Lukewarm Christian is an oxymoron

First preface: This is meant to encourage and challenge. My goal is not to break anyone down without giving them the hope of being built back up. This post is meant to compel, not to condemn. However, if your conscience convicts you then whose fault is that? :-)

Second preface: This is also a “me too” account, meaning I have been just as guilty as anyone else in this area… I’m not throwing stone per se, because, especially when I was in high school, I was just as hypocritical as anyone else I knew; maybe even more so.

So now that I’ve gotten those two prefaces out of the way….

Where I grew up, everyone claims to be a Christian:
“Yeah, I believe that Jesus died for my sins, is my Savior, and all that, but…”
“Yeah, I said the sinner’s prayer when I was like four years old, so I’m a Christian, but…”
“Yeah, I think Jesus was a good moral teacher, but…”

but few actually live as though they worship Christ as Lord. It’s the “but” that really gets you.

It’s like saying:
“I’m 100% devoted to a cause, but… only 10% of the time.”
“I’ve had a life-changing encounter with God Almighty, but… I’m going to keep living like I haven’t.”
“I’ve decided that God’s Kingdom should be the first priority in my life, but… I’m going to build up my kingdom instead.”
“I’ve confessed Jesus Christ as my Lord, but… I’m not going to submit to His authority in my life.”
“I’m a Christian, but…I’m a lukewarm Christian.”

Here’s the ironic part: Those who claim to be lukewarm Christians are actually making a reference to the Bible, and by doing such are proving that they have never seriously studied the Bible! The analogy of being lukewarm comes from Revelation 3:16 and it’s not a pretty picture. In Revelation 3, Jesus is speaking to some churches about areas in which they have fallen short. He compares one of the churches to a glass of water that He was expecting to be hot but, when He took a sip, it turned out to be lukewarm. Here’s the thing, the lukewarm water doesn’t get swallowed or kept. It gets spit out!

We fool ourselves if we think we can sit comfortably in our lukewarm Christianity. We are deceived when we tell ourselves that giving our leftovers to God is a suitable offering.

Anything short of 100% commitment is not Christianity. Anything short of passionate devotion to God is a cheap forgery of real Christianity.

The ‘lukewarm Christian’ is spit out. In other words, they are not Christians. (Francis Chan does a great job of explaining this idea in Chapter 4 of Crazy Love.)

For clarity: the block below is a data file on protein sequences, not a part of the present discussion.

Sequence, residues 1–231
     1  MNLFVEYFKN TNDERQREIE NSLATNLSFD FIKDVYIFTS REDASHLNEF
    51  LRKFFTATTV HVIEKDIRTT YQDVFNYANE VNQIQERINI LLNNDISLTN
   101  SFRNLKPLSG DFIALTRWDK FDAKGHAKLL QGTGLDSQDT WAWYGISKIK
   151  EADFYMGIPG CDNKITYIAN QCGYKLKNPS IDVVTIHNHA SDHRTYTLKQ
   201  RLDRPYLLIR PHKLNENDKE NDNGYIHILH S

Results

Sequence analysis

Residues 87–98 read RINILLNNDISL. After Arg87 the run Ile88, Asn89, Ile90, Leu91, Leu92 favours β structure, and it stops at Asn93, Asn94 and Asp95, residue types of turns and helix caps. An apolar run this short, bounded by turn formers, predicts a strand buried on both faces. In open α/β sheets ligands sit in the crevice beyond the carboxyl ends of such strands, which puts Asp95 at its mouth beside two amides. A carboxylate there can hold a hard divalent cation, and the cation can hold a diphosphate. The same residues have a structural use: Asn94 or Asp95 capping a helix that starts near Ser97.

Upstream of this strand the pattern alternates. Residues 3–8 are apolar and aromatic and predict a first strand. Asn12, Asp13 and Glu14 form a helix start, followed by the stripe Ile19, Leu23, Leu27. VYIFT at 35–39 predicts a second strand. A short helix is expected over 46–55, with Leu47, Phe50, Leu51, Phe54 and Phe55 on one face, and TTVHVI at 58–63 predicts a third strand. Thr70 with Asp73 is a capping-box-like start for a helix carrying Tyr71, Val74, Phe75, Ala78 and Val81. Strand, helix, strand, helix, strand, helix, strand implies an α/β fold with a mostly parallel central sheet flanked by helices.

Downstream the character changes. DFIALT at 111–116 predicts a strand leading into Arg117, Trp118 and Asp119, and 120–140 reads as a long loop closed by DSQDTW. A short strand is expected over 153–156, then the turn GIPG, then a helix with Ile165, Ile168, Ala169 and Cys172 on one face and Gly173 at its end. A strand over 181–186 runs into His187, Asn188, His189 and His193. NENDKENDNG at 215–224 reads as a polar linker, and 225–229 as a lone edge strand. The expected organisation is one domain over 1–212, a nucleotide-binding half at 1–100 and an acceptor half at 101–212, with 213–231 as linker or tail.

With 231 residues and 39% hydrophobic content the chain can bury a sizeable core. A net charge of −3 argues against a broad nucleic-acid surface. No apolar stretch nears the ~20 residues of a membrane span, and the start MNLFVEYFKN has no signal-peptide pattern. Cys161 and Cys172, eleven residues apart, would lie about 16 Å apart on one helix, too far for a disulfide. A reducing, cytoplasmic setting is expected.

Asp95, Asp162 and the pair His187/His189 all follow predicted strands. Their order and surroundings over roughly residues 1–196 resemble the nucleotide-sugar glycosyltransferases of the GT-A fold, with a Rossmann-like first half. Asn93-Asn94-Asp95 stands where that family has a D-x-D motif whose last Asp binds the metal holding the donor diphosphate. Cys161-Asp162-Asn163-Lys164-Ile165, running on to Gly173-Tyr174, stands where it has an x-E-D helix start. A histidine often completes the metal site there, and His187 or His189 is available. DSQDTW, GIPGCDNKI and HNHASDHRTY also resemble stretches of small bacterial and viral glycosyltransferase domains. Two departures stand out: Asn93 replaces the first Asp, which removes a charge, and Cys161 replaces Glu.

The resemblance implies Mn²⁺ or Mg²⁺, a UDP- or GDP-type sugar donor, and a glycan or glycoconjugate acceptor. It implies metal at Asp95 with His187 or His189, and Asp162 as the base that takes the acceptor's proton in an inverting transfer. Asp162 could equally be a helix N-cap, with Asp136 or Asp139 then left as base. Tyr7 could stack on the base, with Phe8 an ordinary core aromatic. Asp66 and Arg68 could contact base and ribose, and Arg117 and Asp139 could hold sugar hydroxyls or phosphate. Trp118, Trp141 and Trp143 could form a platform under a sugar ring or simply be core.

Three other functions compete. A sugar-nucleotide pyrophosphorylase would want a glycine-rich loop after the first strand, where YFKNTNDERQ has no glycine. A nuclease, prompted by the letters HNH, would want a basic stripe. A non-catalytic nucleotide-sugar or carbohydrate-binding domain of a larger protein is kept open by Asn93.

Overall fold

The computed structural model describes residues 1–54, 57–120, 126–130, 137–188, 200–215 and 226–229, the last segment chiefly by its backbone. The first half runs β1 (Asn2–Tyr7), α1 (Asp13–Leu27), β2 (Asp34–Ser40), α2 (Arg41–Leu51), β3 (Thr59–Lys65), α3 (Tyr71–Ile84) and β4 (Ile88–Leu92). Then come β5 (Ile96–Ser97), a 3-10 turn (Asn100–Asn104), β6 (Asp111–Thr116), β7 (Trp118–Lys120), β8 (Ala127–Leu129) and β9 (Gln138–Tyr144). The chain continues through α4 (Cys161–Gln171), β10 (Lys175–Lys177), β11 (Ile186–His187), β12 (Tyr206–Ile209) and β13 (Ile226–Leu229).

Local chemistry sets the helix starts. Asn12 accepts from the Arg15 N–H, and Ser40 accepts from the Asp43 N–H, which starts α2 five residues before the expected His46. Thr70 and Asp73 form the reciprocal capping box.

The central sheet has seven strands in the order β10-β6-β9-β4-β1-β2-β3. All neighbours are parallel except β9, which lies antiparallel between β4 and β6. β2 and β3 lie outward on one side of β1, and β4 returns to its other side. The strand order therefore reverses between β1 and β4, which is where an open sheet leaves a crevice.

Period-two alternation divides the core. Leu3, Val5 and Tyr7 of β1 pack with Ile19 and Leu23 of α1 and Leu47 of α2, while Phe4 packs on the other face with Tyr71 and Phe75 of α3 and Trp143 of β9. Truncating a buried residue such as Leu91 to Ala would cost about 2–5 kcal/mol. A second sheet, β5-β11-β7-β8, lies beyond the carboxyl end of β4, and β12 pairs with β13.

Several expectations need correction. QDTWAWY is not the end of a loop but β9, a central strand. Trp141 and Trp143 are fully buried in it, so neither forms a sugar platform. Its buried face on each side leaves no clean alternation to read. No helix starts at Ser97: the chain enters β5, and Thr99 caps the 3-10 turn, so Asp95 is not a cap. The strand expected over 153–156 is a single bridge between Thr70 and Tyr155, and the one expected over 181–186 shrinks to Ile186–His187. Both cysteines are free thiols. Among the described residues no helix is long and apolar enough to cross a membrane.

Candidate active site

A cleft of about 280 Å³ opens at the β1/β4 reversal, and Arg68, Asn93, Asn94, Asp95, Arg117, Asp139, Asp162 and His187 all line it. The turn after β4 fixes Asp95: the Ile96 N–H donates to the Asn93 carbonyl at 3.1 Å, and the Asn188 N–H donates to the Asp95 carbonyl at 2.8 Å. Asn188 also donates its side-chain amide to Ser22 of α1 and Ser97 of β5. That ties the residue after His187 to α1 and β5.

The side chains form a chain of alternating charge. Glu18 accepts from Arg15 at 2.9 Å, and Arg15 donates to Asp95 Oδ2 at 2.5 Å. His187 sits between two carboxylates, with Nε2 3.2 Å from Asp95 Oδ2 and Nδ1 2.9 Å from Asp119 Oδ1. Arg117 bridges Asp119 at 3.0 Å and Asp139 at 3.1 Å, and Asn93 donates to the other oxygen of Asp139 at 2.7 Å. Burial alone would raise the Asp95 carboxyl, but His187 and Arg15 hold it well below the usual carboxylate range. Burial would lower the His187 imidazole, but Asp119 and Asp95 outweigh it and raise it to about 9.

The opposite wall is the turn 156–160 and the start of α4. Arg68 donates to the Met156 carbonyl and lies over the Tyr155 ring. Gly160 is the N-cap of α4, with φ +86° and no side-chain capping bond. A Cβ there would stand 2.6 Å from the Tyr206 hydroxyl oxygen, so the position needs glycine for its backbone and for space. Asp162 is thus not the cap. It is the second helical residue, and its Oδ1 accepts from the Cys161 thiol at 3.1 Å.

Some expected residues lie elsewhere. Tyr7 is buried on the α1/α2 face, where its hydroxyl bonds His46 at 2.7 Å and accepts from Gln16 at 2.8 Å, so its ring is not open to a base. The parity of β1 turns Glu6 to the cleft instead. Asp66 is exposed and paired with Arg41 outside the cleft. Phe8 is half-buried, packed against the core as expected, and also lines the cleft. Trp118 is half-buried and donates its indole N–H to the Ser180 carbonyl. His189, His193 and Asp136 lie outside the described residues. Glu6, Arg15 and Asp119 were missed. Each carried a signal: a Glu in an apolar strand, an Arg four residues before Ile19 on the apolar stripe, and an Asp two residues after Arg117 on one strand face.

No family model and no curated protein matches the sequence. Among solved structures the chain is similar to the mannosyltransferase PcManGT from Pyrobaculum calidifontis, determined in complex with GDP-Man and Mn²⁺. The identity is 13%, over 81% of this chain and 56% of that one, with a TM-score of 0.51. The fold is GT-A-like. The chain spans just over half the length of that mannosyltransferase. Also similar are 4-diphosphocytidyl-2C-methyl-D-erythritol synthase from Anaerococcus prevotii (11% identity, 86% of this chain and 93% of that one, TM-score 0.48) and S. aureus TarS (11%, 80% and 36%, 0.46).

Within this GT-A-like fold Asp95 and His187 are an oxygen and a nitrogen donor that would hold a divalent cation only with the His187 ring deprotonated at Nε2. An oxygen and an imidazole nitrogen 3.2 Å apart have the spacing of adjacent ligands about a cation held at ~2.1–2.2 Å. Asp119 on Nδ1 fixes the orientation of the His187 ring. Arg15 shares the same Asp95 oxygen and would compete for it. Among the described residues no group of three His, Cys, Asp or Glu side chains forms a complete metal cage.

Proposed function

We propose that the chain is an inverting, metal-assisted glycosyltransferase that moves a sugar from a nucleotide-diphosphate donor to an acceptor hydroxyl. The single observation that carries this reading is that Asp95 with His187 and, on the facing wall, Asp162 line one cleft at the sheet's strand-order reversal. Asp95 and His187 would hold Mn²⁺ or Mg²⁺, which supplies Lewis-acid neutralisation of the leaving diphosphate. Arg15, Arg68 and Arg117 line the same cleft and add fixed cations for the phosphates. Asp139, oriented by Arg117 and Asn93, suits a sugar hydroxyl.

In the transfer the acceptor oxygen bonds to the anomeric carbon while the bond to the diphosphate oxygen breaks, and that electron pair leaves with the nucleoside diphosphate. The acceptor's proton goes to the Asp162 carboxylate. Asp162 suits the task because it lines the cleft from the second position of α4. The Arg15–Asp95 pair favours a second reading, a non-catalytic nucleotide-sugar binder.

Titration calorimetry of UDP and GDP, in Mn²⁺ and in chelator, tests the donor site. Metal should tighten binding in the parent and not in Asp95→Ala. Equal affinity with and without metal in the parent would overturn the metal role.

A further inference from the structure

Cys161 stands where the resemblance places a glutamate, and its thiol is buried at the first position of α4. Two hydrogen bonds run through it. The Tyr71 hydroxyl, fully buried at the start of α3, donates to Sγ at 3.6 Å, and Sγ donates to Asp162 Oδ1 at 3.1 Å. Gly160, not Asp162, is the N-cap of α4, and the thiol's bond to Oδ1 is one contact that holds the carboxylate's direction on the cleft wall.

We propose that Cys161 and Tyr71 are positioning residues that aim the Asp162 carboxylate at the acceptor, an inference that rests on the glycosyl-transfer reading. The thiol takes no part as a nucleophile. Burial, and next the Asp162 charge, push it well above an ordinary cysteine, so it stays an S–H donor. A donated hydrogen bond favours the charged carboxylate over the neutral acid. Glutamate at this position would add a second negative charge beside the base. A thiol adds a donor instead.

A friend of mine recently wrote as her Facebook status: “If you are truly saved you CANNOT live comfortably in sin! “Whoever says, ‘I know him,’ but does not do what he commands is a liar, and the truth is not in that person.” – 1 John 2:4 So, if you are sinning without care or conviction, YOU ARE NOT A CHRISTIAN, and YOU ARE NOT SAVED! There is no gray area! Please, get right with God now! Don’t put it off, because you may not get tomorrow!”

I agree with this person. A Christian will look different once they’ve become a Christian. Moses encountered God and his face glowed! (Exodus 34:29, 35) Paul went from persecutor of Jesus to martyr for Jesus! My point is simply this: when you encounter the living God you are forever changed. If you think you can be lukewarm, then you have not been saved but have instead been deceived. Back when I was a “lukewarm Christian” this became abundantly clear to me when I joined a First John Bible study. The Scriptures confronted me with verses that said that I was a big, fat hypocrite and that I was a fraud. Verses like 1 John 1:6, 2:6, 2:17, 2:23, 3:6, 3:10, 3:18, 4:8, 5:3, and 5:19 all served to convict me of my hypocrisy. The Holy Spirit told me to stop pretending! Soon after, by the grace of God, I repented and have trusted in Christ alone for my salvation.

But First John forced me to realize that Jesus didn’t die on a cross for the occasional shout-out; He died to be my Lord. (Although I haven’t finished the book yet, Radical by David Platt is really challenging me in this area and I’ll probably add more thoughts inspired by this book in later entries.)

I challenge you to examine your life in light of what Scripture says a Christian should look like. Read First John and see how you stack up; it can be read in one sitting. Could someone watch you and tell by the way you live your life that you are a Christian? Or would your own actions reveal you to be a hypocrite? It’s a tough question to answer, but it’s one that must be faced. Do I say this judgmentally? No. I say this because I love you too much to keep quiet. My prayer is that you encounter the living God and are forever changed for God’s glory and for your joy!

I’ll be following up this idea in another entry called The Difficulty of Surrender.